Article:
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Kristin Fracchia

Complete Guide to ACT Question Types

We have a lot of great stuff on our blog here about the ACT’s question types, but not all in one place! So here’s your complete guide to all of the question types that appear on the ACT exam, with links to sample questions (with video and text explanations for the answers) and more help!


ACT English

Content-wise, there are two basic question types on the ACT English test: first, those that test your knowledge of proper English grammar and usage, and second, those that test your understanding of good writing. The former are categorized as Usage/Mechanics questions and the latter are called Rhetorical Skills questions.


  • Punctuation: these questions are about identifying and correcting misplaced, missing, or unnecessary commas, apostrophes, colons, semicolons, dashes, periods, question marks, and exclamation points.

Click here for a sample ACT English punctuation question with answer and video explanation.

  • Grammar and usage: these questions are mostly about subject/verb agreement, pronoun agreement, cases and forms, adjectives, adverbs, verb forms, comparative and superlative modifiers, and idioms.
  • Sentence structure: these questions are mostly about the relationships between independent and dependent clauses, run-on sentences, comma splices, sentence fragments, misplaced modifiers, shifts in verb tense or voice, and shifts in pronoun person or number


Rhetorical Skills

  • Strategy: these questions are about the choices and strategies a writer makes in putting together an essay. They are often about the appropriateness of a sentence or the overall essay in terms of the essay’s purpose, focus and audience, or about the effect of adding, deleting, or revising phrases and sentences in the essay.
  • Organization: these questions typically have to do with the order and coherence of sentences or paragraphs within an essay, or where a phrase should go within a sentence.
  • Style: these questions are about choosing the most effective choice in terms of style, tone, clarity and conciseness. Pro tip: always eliminate wordiness and redundancy on the ACT.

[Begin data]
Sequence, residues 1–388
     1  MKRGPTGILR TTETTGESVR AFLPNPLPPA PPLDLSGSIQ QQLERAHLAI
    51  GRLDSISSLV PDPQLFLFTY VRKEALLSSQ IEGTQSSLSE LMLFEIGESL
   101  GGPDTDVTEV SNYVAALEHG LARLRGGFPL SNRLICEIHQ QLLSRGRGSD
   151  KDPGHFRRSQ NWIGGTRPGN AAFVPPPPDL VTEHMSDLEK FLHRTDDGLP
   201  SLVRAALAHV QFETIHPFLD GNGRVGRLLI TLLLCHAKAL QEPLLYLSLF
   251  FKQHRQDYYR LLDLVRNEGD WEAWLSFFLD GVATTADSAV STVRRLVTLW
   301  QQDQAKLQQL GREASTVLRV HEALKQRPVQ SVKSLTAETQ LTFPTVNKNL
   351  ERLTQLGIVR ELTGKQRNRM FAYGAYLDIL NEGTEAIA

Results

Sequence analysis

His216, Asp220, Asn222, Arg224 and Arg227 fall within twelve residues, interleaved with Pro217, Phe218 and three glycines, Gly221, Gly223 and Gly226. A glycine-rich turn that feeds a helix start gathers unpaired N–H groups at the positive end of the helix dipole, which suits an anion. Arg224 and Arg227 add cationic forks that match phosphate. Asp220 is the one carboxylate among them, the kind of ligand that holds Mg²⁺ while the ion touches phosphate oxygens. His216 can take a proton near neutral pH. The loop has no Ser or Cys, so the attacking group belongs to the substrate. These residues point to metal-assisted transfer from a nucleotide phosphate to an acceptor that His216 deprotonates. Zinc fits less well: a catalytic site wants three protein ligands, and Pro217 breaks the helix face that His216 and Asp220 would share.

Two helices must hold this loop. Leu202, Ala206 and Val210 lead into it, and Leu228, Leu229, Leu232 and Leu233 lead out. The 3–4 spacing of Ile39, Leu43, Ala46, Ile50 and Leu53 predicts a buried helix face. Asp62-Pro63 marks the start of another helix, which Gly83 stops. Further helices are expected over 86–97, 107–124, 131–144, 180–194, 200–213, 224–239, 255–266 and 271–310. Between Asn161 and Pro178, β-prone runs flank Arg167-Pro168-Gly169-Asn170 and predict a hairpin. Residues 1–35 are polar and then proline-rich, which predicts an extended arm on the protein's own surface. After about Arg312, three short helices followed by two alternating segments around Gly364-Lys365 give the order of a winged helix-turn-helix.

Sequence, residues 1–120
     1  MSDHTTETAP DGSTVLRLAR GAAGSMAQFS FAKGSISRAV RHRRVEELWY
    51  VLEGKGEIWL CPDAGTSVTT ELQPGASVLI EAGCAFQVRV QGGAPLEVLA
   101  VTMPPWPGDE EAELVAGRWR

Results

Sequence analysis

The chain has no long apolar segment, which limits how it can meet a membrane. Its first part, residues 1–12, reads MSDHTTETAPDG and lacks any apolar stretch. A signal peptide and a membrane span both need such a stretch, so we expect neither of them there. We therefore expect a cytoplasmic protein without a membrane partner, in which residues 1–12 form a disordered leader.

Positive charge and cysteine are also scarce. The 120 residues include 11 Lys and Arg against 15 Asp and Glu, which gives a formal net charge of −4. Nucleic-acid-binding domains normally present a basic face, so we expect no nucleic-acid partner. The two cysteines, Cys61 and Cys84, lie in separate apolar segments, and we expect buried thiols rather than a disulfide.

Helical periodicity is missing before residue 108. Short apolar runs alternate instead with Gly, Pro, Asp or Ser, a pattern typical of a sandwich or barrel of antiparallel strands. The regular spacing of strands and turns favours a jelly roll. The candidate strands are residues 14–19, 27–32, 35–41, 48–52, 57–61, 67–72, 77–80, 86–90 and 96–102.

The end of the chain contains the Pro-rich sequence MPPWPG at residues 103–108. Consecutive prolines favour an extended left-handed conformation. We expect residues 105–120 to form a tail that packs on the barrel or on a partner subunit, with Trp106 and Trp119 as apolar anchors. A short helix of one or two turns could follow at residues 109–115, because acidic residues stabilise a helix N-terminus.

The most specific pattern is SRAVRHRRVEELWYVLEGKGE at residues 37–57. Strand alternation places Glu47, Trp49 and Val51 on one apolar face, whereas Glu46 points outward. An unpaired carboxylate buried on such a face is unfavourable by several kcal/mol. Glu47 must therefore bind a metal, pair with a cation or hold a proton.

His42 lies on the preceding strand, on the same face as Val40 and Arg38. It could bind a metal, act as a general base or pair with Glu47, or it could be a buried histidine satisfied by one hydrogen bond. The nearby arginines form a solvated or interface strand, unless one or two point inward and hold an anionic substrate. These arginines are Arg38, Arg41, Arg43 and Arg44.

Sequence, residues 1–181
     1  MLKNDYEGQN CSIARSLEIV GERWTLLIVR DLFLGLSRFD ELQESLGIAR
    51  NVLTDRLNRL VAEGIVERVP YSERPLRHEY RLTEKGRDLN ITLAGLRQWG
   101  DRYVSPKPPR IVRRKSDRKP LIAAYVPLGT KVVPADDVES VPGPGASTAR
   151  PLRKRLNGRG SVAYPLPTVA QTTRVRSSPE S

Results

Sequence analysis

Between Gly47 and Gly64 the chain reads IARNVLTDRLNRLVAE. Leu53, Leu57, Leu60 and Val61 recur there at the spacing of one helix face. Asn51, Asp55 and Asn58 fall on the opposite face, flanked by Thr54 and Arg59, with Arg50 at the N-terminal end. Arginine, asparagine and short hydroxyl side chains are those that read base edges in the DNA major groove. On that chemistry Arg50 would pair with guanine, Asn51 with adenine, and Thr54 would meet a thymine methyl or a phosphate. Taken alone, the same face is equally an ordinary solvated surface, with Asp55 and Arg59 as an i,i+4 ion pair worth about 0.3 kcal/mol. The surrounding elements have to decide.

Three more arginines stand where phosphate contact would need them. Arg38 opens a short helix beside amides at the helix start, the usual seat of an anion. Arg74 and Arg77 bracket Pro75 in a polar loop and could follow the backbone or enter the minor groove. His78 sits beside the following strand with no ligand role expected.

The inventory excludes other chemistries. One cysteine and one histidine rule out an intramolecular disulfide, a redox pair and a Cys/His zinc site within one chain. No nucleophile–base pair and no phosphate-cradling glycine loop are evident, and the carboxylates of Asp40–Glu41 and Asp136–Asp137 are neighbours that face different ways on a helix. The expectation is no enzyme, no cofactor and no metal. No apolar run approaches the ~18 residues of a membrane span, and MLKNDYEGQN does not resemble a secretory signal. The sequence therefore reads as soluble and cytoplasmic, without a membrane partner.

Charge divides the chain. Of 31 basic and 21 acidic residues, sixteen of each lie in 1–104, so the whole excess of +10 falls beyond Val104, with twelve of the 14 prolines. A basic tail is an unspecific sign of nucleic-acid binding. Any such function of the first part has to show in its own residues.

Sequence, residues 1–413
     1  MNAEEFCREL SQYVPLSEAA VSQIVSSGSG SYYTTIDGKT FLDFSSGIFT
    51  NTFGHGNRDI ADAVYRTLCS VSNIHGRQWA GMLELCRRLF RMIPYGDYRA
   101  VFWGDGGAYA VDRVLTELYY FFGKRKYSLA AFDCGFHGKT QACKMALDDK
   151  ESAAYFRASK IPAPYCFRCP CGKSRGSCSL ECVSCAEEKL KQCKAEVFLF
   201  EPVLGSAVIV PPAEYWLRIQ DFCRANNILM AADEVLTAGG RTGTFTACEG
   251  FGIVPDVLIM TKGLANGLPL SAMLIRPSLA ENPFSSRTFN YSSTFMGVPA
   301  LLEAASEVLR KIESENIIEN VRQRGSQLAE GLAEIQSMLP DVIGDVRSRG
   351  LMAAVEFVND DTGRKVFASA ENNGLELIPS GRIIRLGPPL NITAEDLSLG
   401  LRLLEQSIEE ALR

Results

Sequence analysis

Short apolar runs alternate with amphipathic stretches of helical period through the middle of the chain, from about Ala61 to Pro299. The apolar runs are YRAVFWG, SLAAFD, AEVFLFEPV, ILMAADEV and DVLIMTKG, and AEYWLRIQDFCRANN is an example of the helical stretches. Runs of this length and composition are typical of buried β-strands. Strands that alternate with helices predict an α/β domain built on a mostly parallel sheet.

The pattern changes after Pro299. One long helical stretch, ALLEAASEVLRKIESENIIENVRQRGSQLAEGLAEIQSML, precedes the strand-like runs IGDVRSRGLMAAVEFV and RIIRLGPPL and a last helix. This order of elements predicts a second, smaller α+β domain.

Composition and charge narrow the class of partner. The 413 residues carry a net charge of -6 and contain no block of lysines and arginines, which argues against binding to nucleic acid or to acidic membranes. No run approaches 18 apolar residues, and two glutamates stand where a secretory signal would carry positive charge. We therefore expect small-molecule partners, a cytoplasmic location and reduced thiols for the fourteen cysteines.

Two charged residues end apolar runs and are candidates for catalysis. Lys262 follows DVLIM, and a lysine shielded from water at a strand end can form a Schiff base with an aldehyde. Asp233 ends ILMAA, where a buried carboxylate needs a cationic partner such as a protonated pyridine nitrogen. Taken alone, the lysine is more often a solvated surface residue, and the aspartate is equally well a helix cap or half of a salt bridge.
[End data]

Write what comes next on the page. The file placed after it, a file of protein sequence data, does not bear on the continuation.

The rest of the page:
Also, check out our complete study guide to ACT English. For more helpful tips for studying for ACT English, check out the dozens of posts on this page.


ACT Math

Structurally speaking, all of the ACT Math questions are basically the same. They are all multiple choice, but what most students want to know is what topics are tested on the Math test, so here we go.

  • Pre Algebra: questions are mostly about basic operations, decimals, fractions, square roots, factors, ratios, percents, one variable equations, simple counting techniques and probability, and understanding basic descriptive statistics.
  • Elementary Algebra: questions are mostly about exponents and square roots, evaluating algebraic expressions through substitution, using variables to express relationships and factoring quadratic equations.
  • Intermediate Algebra: questions are mainly about understanding the quadratic formula, rational and radical expressions, absolute value equations and inequalities, sequences, systems of equations, quadratic inequalities, roots of polynomials, complex numbers, and matrices.
  • Coordinate Geometry: questions are mostly about graphs of points, lines, polynomials, circles and quadratics, graphing inequalities, slope, parallel and perpendicular lines, distance between points, midpoints and some conics.

Click here for a sample ACT coordinate geometry question with answer and explanation.